The NHS is made up of more than 8,000 organisations, with many more across the wider health and care sector.
The NHS Counter Fraud Authority look at the cyber fraud awareness resource, launched at the end of March, as well as the key cyber threats NHS organisations should be wary of
The NHS has been under great strain for the last 18 months, dealing with the pandemic and all the challenges it presented to NHS staff and patients alike. Here at the NHS Counter Fraud Authority (NHSCFA), our work has never been more important in ensuring NHS funds are not misappropriated so that they are used for its intended purpose- patient care. During the Covid-19 pandemic, the NHSCFA saw new fraud risks appear that posed a threat to the NHS. One of them being cyber fraud. Over the past 18 months, there has been a wave of cybercrime affecting the public and the public sector. Criminals saw opportunities to take advantage of the pandemic, preying on patients and the NHS by stealing money from them through falsified means.
Cyber Fraud resource
The NHSCFA launched its cyber fraud awareness resource in July 2021, a comprehensive extension of the NHS Fraud Reference Guide that categorises different aspects of cyber crime, such as cyber threats and cyber security. The resource was developed by the NHSCFA’s Fraud Prevention Unit (FPU) in response to the cross-government effort to better understand the risks of cyber fraud. It is a detailed guide for NHS organisations, NHS staff and the public on cyber crime, providing advice on how to protect themselves against the threats and how to stay safe online.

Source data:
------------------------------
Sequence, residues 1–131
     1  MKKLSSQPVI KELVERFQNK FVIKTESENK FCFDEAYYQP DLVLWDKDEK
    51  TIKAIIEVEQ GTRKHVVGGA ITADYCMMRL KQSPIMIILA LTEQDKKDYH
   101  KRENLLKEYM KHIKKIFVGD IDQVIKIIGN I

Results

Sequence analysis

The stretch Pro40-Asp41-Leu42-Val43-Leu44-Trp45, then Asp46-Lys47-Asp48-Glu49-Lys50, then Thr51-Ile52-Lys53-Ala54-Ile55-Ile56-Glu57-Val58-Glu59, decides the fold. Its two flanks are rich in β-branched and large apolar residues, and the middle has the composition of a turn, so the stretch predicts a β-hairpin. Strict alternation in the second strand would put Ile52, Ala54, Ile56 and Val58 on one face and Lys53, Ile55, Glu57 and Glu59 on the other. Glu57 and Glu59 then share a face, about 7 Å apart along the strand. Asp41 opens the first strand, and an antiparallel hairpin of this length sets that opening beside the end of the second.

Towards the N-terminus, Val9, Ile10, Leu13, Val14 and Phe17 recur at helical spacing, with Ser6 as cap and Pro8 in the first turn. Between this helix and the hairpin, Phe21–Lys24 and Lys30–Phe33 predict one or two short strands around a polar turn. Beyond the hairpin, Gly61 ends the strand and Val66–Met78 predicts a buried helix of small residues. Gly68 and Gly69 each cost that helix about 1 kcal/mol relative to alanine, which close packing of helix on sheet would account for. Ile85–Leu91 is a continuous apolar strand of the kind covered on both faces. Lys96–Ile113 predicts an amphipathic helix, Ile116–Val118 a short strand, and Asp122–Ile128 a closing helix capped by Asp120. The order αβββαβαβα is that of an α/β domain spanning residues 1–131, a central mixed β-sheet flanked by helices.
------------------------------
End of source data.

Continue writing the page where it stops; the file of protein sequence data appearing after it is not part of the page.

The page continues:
The layout of the resource has been designed for easy use, splitting into six different areas:
• An introduction: explaining what cyber crime is and the differences between the cyber offences to help users understand the difference between cyber dependant crime and cyber enabled crime.
• A glossary: common cyber crime terms and associated definitions to enable users to understand the terms used within the content.
• Key cyber threats: setting out five sections that relate to Social Engineering, Passwords, Malicious Websites, Payment Diversion Fraud and Malware.
• Cyber Security information: includes security tips on keeping devices and data secure.
• Cyber Quiz: designed and produced to complement the cyber fraud to test people’s knowledge of cyber fraud.
• Reporting: includes how to make NHS related and non-NHS cyber fraud and cyber-crime reports.
Mandate fraud (payment diversion fraud)
Mandate fraud (NHS) is a type of third party payment diversion fraud, where someone outside of the NHS attempts or succeeds in extracting payments from within the NHS by asking for bank details to be changed under the guise of an NHS supplier.
Social engineering is a significant part of the payment diversion fraud process, with fraudsters posing as trusted and recognised patrons that give them a sense of authority that they use to manipulate individuals and employees into making a bank transfer or providing confidential information.